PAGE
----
Bear hunting or hound hunting for a living

Guide & Outfitter Classifieds
GVBEAR
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Location: Wisconsin
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Bear hunting or hound hunting for a living

Postby GVBEAR » Thu Nov 12, 2020 3:38 pm

Hello all, looking to talk to some people that guide or run bears for a living. Or hound hunt for a living. It is a passion of mine and looking to see what avenues there are. Or possibly even do a apprentice ship with a guide for a season to see what it is all about. I have my own equipment and such. Just want to see what it all takes. Also I want to state my bucket list item is to tree a bear in every state I can so regardless if the full time hunting is not a option for me I would like to talk with people about running in different areas. That is why I think talking to the people who do it for a living or full-time might be my best course of action.

Thanks in advance and happy hunting
pegleg
Babble Mouth
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Re: Bear hunting or hound hunting for a living

Postby pegleg » Fri Nov 13, 2020 3:37 pm

I am not going to tell you I know what I'm saying, so it's just a free opinion. I don't value other people's time or my own very wisely. So if there's something I need or want done I normally do it myself. A practice that has benefits and decided drawbacks.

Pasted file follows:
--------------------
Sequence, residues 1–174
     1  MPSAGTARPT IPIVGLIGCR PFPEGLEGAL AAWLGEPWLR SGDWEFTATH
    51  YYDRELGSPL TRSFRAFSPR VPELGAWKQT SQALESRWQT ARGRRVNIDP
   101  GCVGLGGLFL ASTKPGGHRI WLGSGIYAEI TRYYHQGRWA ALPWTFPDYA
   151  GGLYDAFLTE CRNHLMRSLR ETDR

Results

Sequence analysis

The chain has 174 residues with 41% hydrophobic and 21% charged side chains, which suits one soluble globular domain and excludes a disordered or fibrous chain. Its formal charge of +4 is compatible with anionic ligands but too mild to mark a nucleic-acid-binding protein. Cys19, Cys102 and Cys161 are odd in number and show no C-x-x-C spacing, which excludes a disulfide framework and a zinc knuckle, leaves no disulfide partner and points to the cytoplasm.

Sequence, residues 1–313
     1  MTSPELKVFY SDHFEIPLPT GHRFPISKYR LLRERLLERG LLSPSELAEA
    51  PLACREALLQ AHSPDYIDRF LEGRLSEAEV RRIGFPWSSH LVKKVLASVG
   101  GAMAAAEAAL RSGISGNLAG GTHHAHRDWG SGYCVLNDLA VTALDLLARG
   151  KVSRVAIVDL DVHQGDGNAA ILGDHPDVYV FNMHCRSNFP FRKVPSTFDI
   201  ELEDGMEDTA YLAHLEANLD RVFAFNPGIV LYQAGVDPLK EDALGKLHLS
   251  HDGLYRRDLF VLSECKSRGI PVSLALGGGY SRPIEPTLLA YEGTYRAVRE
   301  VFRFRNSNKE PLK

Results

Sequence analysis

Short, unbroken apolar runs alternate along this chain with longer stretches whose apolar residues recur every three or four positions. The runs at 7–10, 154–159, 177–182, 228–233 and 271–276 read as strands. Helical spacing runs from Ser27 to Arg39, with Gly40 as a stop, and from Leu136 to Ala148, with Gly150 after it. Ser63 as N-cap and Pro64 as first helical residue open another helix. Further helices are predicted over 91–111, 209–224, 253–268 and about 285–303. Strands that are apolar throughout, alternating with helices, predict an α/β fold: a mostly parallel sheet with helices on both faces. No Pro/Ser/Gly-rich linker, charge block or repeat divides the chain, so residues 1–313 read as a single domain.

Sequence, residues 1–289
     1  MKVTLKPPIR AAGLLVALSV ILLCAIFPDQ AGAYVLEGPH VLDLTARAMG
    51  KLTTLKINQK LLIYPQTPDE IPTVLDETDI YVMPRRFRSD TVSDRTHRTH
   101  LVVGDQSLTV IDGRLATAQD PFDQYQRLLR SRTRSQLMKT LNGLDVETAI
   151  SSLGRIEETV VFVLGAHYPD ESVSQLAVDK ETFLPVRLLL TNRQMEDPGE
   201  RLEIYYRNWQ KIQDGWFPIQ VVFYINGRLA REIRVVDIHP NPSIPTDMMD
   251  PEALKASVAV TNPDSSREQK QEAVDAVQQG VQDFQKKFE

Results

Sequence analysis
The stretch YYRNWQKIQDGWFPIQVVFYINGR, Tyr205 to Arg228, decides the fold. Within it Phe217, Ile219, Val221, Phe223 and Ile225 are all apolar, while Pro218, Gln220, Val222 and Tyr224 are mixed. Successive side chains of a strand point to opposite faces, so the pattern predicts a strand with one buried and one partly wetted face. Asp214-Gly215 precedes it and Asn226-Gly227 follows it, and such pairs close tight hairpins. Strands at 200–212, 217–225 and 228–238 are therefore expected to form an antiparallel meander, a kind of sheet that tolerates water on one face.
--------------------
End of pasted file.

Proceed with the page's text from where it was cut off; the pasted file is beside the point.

So I tend to view hunting in the same light. If I was or am currently interested I did it myself. It typically saves alot of money on things you will do often and can cost more for things you may only do once or twice. Along with time the first time is normally the hardest and burns the most time, or accidental success.
So given that, I'm not the person you would be guiding. People that take guided hunts fall into a few groups. The working class that's always dreamed of a exotic to them hunt. They tend to be a once or twice client.
The guy who has just enough money and time to pursue hunts he's interested in and hunts often for himself but understands the challenges and is willing to stack the odds in his favor on away hunts using a guide.
There's a new group of beginning hunters or huntresses that feel most comfortable using a guide for the experience.
Gifted hunts provided by third parties.
And then the hunters that have the money time ratio it's just simpler and more exciting and successful to use guides and these may become repeat yearly clients or a one off who still refers others to the service.
And the group who for physical reasons require a guide. This isn't only disabled hunters but includes others examples being. elk hunts where the camp and game must be packed in or out of difficult terrain. And hunts requiring specialized gear.
Hound hunts can fall into any or all catogories . A person may understand that the use of dogs increases the success or enjoyment of a hunt. But be unable to have the required dogs for any number of reasons.